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PLEASE PLEASE ME SINGLE RELEASED IN AMERICA

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After playing their last lunchtime concert at the Cavern on Monday, February 4, 1963, the Beatles were back on the road with the Helen Shapiro national tour. The group played its four-song sets that week at the following venues: Gaumont Cinema in Doncaster, Yorkshire on Tuesday; Granada Cinema in Bedford, Bedfordshire on Wednesday; Regal Cinema in Wakefield, Yorkshire on Thursday; ABC Cinema in Carlisle, Cumberland on Friday; and Empire Theatre in Sunderland, Durham on Saturday.

Meanwhile, across the pond, the first American record to bear the Beatles name was released on February 7, 1963, exactly one year prior to the group’s triumphant arrival in America. The disc, Vee-Jay 498, featured the same two songs as the group’s second U.K. single, Please Please Me and Ask Me Why. The labels to all first pressings of the disc have the group’s name misspelled as “THE BEATTLES” with two “T”s. These records are worth over $3,000 in near mint condition.

The Beatles ended up on Vee-Jay, a Chicago-based independent label that specialized in R&B and gospel recordings, because Capitol Records failed to exercise its right of first refusal as EMI’s American subsidiary to issue the single. (Capitol had also declined to release the Beatles first single, Love Me Do b/w P.S. I Love You.) On January 10, 1963, Vee-Jay Records entered into a five-year licensing agreement with Transglobal Music Co., Inc. (an American corporation controlled by EMI) to issue the songs Please Please Me and Ask Me Why in America. A rider to the agreement also gave Vee-Jay a right of first refusal for all Beatles recordings owned by EMI for the length of the five-year contract.

The deal was brokered by Paul Marshall, a New York attorney who represented both Vee-Jay and Transglobal. Marshall offered Vee-Jay the single after several major companies, including Atlantic Records, had passed on the disc. His decision to offer the deal to Vee-Jay was based on his friendship with and respect for Vee-Jay president Ewart Abner, as well as the label’s then-recent success with a Frank Ifield single. After Capitol had declined to issue Ifield’s I Remember You, Vee-Jay released the single, which became a number five hit. In addition, Vee-Jay was doing well with another group of four white male singers, the Four Seasons, who quickly scored two number one hits with Sherry and Big Girls Don’t Cry.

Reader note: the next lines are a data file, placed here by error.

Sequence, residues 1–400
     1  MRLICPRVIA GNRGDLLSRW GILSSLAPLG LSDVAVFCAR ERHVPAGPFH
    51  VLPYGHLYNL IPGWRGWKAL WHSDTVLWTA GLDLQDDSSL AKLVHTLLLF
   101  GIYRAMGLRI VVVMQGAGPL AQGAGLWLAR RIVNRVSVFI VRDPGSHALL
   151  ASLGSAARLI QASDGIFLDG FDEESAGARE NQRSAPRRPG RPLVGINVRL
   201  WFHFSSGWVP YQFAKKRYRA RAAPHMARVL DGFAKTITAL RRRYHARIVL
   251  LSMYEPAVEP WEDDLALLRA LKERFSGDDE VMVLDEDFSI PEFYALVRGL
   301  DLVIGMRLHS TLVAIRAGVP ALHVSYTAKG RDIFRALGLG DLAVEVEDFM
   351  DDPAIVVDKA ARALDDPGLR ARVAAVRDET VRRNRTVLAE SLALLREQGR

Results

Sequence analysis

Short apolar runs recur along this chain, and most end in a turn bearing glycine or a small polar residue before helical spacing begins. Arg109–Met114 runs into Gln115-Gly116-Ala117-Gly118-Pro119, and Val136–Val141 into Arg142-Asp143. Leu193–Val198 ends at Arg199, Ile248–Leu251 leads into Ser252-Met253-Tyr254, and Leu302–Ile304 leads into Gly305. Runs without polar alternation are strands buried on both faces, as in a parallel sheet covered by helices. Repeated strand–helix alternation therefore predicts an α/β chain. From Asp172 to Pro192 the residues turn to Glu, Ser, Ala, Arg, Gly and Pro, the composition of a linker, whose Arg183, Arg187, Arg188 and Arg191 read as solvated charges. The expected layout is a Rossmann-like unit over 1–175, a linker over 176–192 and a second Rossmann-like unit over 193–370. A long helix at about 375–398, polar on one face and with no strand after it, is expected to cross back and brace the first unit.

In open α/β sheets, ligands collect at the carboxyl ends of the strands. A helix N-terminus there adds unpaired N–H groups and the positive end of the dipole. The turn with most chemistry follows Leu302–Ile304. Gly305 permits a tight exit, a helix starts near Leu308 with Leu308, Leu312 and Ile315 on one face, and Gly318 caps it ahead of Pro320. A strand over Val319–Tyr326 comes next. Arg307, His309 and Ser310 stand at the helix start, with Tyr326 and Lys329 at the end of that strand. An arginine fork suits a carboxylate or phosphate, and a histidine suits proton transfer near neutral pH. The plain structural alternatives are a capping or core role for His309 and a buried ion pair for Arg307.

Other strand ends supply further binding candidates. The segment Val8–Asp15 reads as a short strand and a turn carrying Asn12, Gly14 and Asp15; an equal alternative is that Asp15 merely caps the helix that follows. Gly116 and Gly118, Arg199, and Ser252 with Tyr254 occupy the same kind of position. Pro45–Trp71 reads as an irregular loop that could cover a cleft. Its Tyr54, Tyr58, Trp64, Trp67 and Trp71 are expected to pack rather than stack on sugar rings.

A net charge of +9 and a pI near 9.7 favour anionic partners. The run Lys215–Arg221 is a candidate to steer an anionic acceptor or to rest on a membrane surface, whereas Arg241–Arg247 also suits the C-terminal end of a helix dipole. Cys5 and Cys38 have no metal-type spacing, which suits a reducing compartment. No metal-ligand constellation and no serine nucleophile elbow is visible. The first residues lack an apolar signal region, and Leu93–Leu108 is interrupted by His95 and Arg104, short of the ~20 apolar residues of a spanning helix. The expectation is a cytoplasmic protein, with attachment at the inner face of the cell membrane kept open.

Shortly after the single’s official release date, Chicago radio station WLS broadcast Please Please Me. The station’s March 8, 1963 survey indicates that Please Please Me by “Beattles” had been played for 3 weeks and lists the song at number 40. The survey from March 15 shows the single at its peak and final position of number 35.

Today’s trivia questions pertain to the first Beatles single released in America.

1. Who was the first disc jockey to play a Beatles record in America?

2. What American cities had radio stations that charted the Please Please Me single during 1963? (We are aware of five such cities.)

3. Which, if any, of the American music trade magazines (Billboard, Cash Box and Record Vendor) charted the Please Please Me single during 1963?

4. How many copies of Please Please Me were sold in America during 1963?

(A) 2,250

(B) 5,650

(C) 7,300

(D) 10,500

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1. WLS (Chicago) disc jockey Dick Biondi, who frequently got together with Vee-Jay president Ewart Abner, recalls receiving a copy of the Please Please Me single in early February, 1963. Abner endorsed the 45 with his usual “I feel this could be a big record,” and Biondi liked what he heard. Biondi believes he may have debuted the single as early as Friday, February 8, 1963, during his 9:00 p.m. to midnight shift.

The WLS survey shown left has a picture of Dick Biondi at the bottom and lists Please Please Me by “Beattles” at number 35.

2. Chicago, San Bernardino, San Francisco, Miami and Houston. The highest the song got on any of the charts was #34 (KEWB San Francisco and KNUZ Houston)

3. None of the American music trade magazines charted the Please Please Me single during 1963.

4. B. Approximately 5,650 copies of Please Please Me were sold in America during 1963.

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